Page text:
Green Futures Lab

July 25, 2019

Floating Wetlands Research & Education

In 2013 and again in 2017 and 2018, the Green Futures Lab conducted seminars on floating wetlands. Students surveyed floating wetlands literature and precedents, investigated their benefits for habitat, stormwater cleansing and water temperature regulation, and then developed new design concepts for several freshwater locations. Each site’s biological parameters drove the designs. Carrying the momentum of the first seminar, students designed, built and installed 360 square feet of floating wetlands to provide shade and habitat in a Redmond, WA wetland. A student leader continued to monitor the results, and also to design, build, and monitor additional prototypes with support from the GFL, King County, and the Society of Wetland Scientists. Students in the 2017 seminar designed and constructed prototypes of floating wetlands for six sites in the Lake Washington Ship Canal and in 2018 for sites in the Duwamish River designed specifically to exclude predators and provide refuge for out-migrating juvenile salmon. With a grant from the UW Campus Sustainability fund, the GFL investigated the feasibility of using such floating habitat structures to replace lost shoreline habitat along the critical Ship Canal corridor.

Studies from the 2013 seminar are summarized in Floating Wetlands Research and Design Investigations, Volumes I + II.

Duwamish Floating Wetlands Project

The Duwamish Floating Wetlands project examined if constructed floating wetlands can increase salmon habitat and improve water quality to support the

 survival of out-migrating juvenile salmon. The constructed floating wetlands were designed, tested, and deployed in the Duwamish River Estuary by the UW Green Futures Lab team and UW Landscape Architecture classes. Four “Biobarges” were constructed to hold constructed floating wetland “Biofilters,” while also providing platforms for researchers to access them. A team of GFL researchers and community scientists monitored these innovative floating wetlands to gather information about juvenile salmon interactions with the BioBarges, invertebrate production, plant growth, and water quality improvement. The community science program was developed to encourage collaboration between students and community scientists in performing the field research and to connect community scientists to the research and to the river.

After the first summer (2019) of research in the lower estuary, the units were modified based on the year 1 research to improve salmon habitat qualities. As a result, they were moved further upstream and then monitored for a second summer (2020). For more information on the design process and plant growth, see an article in Restoration Ecology. The GFL team developed full reports for both 2019 and 2020 research years, with results also informing as School of Marine Affairs Capstone Report. For more information on the community science program, an article has been published in the journal Socio-Ecological Practice Research. This project was funded by King County Waterworks, Councilperson Jeanne Kohl-Welles, the Rose Foundation, Puget Sound Keepers, and the Port of Seattle.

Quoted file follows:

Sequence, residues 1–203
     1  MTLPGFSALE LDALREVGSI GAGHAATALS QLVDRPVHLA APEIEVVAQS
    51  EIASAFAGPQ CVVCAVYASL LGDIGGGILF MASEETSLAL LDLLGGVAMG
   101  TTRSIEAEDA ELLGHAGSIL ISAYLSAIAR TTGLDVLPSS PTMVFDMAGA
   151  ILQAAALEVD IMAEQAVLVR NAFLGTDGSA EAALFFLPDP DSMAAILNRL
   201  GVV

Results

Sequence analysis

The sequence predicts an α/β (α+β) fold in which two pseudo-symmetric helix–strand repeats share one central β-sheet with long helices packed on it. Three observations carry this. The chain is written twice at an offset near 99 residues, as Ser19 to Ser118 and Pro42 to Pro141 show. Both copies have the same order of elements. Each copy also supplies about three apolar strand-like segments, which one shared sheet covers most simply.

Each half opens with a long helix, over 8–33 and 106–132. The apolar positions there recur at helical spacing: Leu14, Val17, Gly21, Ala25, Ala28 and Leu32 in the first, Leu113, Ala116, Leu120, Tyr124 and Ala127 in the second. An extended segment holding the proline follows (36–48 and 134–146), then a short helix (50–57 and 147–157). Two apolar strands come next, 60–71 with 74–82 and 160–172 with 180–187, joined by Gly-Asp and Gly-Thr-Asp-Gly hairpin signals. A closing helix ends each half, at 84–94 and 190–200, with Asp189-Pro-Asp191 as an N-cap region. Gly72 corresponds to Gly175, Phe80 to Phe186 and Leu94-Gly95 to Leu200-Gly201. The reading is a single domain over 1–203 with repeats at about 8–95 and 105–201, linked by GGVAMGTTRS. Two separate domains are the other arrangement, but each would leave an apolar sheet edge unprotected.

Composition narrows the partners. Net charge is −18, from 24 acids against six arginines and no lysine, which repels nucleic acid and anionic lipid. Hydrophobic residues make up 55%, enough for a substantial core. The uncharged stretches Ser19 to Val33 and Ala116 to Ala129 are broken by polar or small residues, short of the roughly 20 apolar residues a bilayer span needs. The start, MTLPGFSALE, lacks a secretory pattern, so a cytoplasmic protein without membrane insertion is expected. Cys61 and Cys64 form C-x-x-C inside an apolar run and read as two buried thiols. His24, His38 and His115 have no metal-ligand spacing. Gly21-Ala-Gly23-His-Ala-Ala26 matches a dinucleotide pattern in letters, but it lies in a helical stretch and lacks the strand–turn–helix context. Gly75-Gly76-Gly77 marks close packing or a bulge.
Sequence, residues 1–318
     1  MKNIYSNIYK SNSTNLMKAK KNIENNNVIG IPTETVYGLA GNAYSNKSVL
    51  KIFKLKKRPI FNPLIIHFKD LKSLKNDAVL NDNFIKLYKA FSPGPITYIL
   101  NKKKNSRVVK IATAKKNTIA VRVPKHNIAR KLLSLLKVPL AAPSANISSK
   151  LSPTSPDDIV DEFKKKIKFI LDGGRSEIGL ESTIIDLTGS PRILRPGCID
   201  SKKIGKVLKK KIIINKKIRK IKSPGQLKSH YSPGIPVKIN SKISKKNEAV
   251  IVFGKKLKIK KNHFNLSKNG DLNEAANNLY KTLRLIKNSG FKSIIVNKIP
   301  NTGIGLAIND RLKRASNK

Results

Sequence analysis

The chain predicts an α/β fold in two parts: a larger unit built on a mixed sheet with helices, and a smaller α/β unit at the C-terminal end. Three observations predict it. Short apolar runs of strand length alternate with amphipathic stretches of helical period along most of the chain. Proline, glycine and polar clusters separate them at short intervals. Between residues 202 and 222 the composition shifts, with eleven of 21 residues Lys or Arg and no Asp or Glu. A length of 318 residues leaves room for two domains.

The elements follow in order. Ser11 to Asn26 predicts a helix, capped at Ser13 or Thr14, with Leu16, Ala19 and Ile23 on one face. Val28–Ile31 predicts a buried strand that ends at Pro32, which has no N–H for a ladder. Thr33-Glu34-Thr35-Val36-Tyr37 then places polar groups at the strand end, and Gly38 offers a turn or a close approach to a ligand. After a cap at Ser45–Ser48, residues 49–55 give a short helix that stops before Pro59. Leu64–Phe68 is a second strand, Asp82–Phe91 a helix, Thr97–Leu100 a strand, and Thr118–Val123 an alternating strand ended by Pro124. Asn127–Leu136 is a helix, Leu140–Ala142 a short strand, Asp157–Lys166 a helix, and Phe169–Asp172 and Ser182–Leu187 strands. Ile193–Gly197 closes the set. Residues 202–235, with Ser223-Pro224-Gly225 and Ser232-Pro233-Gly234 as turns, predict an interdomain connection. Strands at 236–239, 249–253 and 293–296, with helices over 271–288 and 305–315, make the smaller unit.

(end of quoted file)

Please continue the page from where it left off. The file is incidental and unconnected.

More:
Sweetgrass Living Shorelines Project

In 2021, the Sweetgrass Living Shorelines project used findings from the Duwamish Floating Wetlands project to inform the implementation of units along the Lake Washington Ship canal and in Lake Union. The floating wetlands were adapted to site conditions along the bank. Piers provided protection at the Fremont Bridge and along the exposed shoreline. At South Lake Union Park, GFL staff and community scientists constructed the prototypes over two years to learn of potential habitat benefits. Team members also initiated the Sweetgrass Arts Project, inviting artists to contribute design and poetry pieces that were displayed at the floating wetlands and along the Burke Gilman Trail.

Sweetgrass Marine Floating Wetland

In 2022, in partnership with Earthcorps, the UW Green Futures Lab team launched a Marine Floating Wetland at Shilshole Bay Marina. This project is being maintained by the GFL team and stewarded with the assistance of Shilshole Bay community members.

Nancy Rottle and Mason Bowles, our team leads, were recently interviewed on the Urban Rivers Podcast. Check it out!

The GFL also created and maintains the Living Shorelines Website.

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